ZEB: I think we can all see how serious this situation will become if left unchecked. Are there any questions?

DAVE [off frame}: Yes.

Panel 5

Close up on DAVE

DAVE: Does anyone know where the toilets are? I didn't see on the way in?

12 Days of Christmas Script Page 1

This year I'm going to script the 12 days of Christmas cartoon, here, live on the internet. If anyone feels like drawing any of it, feel free, and when I find it looks better than mine it will be incorporated into the final cartoon. If you don't want to put speech bubbles in, don't and the magic of computer image-enhancement will take care of it!

Page 1

6 panels, in three tiers.

Panel 1 - Titles - 12 Days of Christmas 2006. A Cartoon. By [names]. This cartoon contains scenes of poor plotting, characterisation and artwork, and consequently should not be shown to small children or people with a nervous disposition.

Panel 2 - STAN is riding a pig named GERTRUDE down a path through a forest.

Stan: Faster Gertrude, faster!

Stan: We can't let Captain Smug and the USS Hare beat us!

2nd tier - Panel 3 - On board the USS HARE. CAPTAIN SMUG and FIRST OFFICER SPONG are looking at a screen.

Caption: Several hours earlier on board the USS Hare.

Spong: We've located the truffles using our sensors and beamed them aboard, Captain. Elapsed time: 4.6 seconds.

Smug: Good work Mr Spong. All we have to do is beam them straight to the kitchen, and we've won!

Panel 4 - We're now looking at the screen, which is framed by the back of SMUG and SPONG's heads and shoulders, perhaps in silhouette. On the screen, Stan is pulling a pig along a path by a lead, or maybe poking it with a stick.

Smug: How are Zeb's crew doing?

Spong: They've nearly got their pig into the forest.

3rd tier - Panel 5 - Close up on Smug.

Smug: I can't believe Zeb challenged me and my crack crew to THIS challenge. How can a pig be more efficent at locating and transporting truffles?

Smug: In fact, we're so far ahead, lets go to for a steam bath.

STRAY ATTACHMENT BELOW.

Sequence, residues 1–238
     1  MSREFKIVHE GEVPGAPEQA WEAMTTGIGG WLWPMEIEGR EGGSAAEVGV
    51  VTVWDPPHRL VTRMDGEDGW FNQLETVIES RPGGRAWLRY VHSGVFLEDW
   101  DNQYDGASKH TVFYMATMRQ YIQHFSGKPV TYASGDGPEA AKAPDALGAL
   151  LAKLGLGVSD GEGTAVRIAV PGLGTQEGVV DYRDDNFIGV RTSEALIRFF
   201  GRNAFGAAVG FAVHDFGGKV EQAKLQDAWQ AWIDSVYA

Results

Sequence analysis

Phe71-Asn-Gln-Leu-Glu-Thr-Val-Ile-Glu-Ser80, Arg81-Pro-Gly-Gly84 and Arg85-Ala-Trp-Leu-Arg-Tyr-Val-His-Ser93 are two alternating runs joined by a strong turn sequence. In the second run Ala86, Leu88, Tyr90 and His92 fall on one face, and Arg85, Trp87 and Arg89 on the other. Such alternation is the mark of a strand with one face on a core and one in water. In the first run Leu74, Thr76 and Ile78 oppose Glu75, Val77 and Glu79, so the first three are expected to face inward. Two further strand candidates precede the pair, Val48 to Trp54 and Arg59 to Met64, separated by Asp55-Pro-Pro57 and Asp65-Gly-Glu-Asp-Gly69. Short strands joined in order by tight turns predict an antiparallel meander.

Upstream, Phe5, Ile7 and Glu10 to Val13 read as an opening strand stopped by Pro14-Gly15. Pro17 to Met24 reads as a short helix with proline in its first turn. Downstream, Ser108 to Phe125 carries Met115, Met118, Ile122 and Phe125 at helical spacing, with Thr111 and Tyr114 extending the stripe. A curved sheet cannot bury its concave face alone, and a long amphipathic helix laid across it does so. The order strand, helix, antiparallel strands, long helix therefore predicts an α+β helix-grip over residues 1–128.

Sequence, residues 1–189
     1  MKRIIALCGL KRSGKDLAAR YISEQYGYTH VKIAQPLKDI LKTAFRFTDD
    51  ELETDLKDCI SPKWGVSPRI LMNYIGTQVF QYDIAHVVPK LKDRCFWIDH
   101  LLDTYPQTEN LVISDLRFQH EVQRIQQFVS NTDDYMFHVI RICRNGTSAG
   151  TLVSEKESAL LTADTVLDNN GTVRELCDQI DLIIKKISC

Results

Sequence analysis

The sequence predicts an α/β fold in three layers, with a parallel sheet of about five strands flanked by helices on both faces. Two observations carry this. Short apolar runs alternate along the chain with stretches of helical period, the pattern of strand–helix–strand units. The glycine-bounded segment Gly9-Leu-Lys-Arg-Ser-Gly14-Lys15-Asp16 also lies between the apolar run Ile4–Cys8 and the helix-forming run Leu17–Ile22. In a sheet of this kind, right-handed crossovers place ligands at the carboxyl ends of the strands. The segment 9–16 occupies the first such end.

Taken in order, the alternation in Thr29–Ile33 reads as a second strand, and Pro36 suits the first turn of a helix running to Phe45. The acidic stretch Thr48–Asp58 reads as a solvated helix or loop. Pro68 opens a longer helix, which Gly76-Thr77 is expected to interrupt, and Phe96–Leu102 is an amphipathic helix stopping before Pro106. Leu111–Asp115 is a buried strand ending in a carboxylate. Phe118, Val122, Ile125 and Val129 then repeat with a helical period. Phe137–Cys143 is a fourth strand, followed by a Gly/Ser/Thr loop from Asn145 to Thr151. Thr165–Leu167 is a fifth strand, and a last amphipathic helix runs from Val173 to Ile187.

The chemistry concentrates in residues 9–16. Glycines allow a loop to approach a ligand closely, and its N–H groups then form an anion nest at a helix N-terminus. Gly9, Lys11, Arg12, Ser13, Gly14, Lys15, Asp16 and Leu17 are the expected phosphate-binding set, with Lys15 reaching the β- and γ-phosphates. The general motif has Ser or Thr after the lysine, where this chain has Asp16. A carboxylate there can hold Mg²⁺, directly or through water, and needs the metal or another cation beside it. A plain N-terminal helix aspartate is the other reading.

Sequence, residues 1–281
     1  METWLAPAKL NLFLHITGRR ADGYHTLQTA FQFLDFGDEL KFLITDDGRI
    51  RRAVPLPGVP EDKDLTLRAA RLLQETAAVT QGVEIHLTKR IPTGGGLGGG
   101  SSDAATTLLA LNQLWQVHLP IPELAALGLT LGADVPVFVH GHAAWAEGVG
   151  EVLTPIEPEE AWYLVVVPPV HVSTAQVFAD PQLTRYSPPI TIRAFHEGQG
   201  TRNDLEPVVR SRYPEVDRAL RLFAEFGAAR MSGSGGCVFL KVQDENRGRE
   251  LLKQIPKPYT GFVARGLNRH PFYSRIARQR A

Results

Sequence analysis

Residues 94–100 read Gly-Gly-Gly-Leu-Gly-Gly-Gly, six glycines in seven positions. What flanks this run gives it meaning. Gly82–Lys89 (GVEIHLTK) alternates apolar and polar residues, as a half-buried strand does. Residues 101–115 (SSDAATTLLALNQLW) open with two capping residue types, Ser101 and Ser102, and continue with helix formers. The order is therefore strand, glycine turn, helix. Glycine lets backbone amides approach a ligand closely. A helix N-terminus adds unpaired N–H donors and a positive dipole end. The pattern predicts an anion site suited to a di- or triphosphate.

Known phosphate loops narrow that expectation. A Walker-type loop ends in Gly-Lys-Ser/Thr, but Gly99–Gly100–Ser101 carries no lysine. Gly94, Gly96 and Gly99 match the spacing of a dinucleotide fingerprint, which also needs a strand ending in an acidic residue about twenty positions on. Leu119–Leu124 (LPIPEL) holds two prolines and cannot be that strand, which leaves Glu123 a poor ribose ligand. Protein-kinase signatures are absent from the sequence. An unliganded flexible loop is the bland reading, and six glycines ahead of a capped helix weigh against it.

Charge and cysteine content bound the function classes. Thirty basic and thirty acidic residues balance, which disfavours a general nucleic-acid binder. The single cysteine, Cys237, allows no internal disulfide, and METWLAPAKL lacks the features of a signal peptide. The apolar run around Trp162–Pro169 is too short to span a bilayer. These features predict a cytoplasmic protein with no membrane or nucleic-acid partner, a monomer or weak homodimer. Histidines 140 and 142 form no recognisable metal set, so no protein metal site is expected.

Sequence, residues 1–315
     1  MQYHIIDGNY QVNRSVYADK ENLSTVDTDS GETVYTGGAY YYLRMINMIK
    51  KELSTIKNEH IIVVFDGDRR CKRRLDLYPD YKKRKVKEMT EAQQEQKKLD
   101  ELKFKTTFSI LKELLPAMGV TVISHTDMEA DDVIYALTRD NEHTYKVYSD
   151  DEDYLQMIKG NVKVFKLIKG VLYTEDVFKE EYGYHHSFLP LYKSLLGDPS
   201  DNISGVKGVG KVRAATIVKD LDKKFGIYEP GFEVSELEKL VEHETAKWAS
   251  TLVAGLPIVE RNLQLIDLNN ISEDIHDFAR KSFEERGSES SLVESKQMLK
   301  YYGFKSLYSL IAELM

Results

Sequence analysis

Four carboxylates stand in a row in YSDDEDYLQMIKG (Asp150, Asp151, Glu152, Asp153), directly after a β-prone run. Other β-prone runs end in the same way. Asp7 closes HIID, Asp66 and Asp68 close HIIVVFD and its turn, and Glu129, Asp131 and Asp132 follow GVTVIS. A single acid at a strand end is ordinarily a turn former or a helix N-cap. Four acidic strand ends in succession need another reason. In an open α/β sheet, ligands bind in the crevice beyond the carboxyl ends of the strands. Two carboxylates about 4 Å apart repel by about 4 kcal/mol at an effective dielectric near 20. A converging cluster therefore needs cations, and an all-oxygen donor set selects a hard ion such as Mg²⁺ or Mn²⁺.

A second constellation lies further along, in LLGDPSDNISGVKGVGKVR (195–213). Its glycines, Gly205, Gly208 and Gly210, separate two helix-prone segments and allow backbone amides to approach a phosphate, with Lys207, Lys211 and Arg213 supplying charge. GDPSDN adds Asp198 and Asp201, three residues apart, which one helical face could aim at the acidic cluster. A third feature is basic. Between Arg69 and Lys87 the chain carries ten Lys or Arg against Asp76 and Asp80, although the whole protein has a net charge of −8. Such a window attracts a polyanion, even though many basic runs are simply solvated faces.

Panel 6 - Spong looks concerned as he watches Smug leave.

Spong: Captain, we can beam them now and win and THEN go for a steam bath.

Smug: Steam bath Spong! Now!

Friday, November 17, 2006

Anagram Fun

It turns out that in anagram land, my name is Will Lexicon. I guess this is in some kind of Renaissance style flintlock-fantasy and I'm the guy who knows everything!

Or maybe I'm the guy who can read.

(In SF, of course, I'm Clone Xi Will who is either Chinese or the 15th clone of Will).

Thursday, November 16, 2006

Adventures in the 21st Century

A few weeks ago I spent far too much money on a new pair of glasses. As the optomotrist put it, I'm very short sighted, and previously I've had thick bottle-ends. But my Mum had told me of the new glasses stuff that had a refractive index of 1.71 [1].

I mean, it's not the 21st century we expected, and it's certainly not the one we wanted. But it's definitely the 21st century.

What next? Materials with a negative refractive index of course! This will of course allow me to convert my glasses into invisibility goggles.

[1] Only me, my Mum and Stan have been impressed by this. So sad.

Of Bananas and Men

As we all know, 50%[1] of my DNA is the same as that of a banana; the odds are good that 50% of your DNA is also the same as a banana (assuming all three of us shared the same common ancestor). I've referred to this elsewhere.

The thing is, this is true of all fruit, vegetables[2] and plants. So why are bananas singled out?

There's something about bananas that people identify with. If I said "You share 50% of your DNA with a potato", it sounds like an insult. Bananas are yellow, funny, hold easily in the hand, come with their own wrapping and have a long an honourable history in slapstick. It may not be a compliment, but it's not derogatory.

When I was younger I couldn't get enough of bananas. I was served mashed banana as pudding all the time as a baby, and later I loved bananas in custard. Plus, you can use it as a gun, or shake hands with a bunch. There was a garden centre with a greenhouse somewhere in Scunthorpe, which we went to all the time and it had a banana tree, which was always growing a bunch of bananas. That greenhouse was hot, steamy, exotic and had a banana tree in it! I also loved monkeys at the time, and my ambition was to be a monkey and live in a greenhouse with a banana tree.

Since then I've gone off bananas[3] a bit, but I still have some affection for them.

Update: I meant to mention the Marvel What-If comic mentioned in the linked to comments thread which was "What if the Fantastic Four were fruit?". The only what-if[4] I'd rather see is "What if Bruce Wayne were bitten by a vampire hat?"

[1] -ish
[2] Maybe not mushrooms.
[3] Also monkeys.
[4] Or, as this would be a DC comic, an "elseworld".

Wednesday, November 15, 2006

Conversation on a street corner in Soho

Woman: Hello. Hey you're really tall. Don't worry, I'm not going to stun you or anything - I'm like a midget compared to you. Anyway, I wondered if you'd like to know about the catalogue of ladies we have in the area.